Will a contradiction always have only false values?
A tautology will always have true vales, is the opposite true for contradictions?
For example: $(p \ \& \ q) \ \& \ (p \ \& \ \neg q)$ has the truth table:
Contradictions will always end in all entries of the rightmost column of a truth table being only "F".
$a \land b\land c \land .... \land p\land \lnot p$ will never be true, because $p \land \lnot p$ is False, and no matter what you "and" to that to form a new statement, it will still be false. Any statement for which no matter the assignment of truth-values to the propositions, ends in the evaluation of False, is a contradiction.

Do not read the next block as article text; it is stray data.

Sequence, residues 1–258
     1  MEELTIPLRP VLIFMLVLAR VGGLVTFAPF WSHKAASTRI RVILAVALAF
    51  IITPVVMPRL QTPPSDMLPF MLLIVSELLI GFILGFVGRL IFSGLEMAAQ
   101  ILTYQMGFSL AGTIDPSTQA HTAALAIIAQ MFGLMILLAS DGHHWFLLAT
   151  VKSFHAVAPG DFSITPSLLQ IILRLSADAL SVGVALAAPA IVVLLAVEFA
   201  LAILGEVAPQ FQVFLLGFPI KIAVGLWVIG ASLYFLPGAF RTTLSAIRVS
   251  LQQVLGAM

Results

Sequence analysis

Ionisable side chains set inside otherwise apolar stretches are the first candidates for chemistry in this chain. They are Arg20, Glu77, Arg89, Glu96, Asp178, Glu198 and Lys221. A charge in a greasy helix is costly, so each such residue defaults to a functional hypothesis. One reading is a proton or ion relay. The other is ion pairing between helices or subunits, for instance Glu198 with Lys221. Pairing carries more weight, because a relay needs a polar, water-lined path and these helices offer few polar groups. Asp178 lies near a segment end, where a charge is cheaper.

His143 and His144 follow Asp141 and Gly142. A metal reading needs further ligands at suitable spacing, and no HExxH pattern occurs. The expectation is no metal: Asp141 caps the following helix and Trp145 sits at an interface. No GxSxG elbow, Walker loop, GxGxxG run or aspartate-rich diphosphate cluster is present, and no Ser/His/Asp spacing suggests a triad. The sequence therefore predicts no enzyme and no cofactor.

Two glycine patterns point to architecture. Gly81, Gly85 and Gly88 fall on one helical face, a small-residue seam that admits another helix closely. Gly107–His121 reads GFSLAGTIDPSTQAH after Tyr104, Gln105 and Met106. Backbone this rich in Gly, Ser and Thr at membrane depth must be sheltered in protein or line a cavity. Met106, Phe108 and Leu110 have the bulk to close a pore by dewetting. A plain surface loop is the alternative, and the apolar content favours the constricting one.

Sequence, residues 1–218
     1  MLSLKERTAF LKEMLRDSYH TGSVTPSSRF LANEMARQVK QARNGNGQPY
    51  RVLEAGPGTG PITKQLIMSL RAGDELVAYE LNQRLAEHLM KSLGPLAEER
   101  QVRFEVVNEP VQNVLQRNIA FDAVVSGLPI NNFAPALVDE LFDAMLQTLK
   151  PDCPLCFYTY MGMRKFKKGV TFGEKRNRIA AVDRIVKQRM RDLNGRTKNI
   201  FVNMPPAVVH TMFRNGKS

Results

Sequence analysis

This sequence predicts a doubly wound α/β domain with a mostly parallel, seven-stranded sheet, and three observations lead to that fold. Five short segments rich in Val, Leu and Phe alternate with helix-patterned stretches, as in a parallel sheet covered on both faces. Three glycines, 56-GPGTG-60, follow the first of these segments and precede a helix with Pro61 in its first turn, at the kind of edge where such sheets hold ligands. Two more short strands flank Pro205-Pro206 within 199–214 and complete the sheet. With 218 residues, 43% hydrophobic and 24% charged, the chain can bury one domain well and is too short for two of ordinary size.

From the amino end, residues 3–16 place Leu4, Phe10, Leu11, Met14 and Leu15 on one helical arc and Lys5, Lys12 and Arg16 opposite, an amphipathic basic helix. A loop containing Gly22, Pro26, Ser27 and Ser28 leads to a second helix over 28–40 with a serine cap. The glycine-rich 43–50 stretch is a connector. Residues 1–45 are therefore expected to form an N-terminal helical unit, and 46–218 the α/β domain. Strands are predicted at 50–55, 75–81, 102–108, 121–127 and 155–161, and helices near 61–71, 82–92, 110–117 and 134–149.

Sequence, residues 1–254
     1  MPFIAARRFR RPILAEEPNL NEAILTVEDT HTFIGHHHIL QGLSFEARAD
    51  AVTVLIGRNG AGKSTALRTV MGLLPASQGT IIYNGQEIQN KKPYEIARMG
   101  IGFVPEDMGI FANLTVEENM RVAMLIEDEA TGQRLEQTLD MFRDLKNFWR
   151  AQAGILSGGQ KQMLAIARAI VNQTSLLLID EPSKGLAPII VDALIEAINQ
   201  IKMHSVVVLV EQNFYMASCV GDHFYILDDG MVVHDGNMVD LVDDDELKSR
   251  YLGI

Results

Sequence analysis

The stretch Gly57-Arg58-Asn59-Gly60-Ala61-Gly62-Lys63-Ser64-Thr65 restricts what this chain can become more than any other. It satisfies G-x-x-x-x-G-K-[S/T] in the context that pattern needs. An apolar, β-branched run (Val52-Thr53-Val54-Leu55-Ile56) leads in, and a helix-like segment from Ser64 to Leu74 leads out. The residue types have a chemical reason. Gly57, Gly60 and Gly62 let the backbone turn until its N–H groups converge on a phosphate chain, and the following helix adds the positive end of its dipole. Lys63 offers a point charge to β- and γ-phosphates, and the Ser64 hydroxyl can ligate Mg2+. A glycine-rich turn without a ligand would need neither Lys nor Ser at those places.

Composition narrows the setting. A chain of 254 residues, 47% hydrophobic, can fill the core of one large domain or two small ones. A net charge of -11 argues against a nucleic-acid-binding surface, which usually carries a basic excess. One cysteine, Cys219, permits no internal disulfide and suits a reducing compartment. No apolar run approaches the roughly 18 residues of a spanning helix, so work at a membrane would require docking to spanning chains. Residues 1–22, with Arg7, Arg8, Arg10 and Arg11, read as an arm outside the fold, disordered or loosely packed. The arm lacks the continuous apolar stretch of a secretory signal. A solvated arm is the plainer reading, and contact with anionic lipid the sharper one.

Please see The Principle of Non-Contradiction, a Wikipedia entry.
A contradiction is something that is always false, regardless of it's truth values.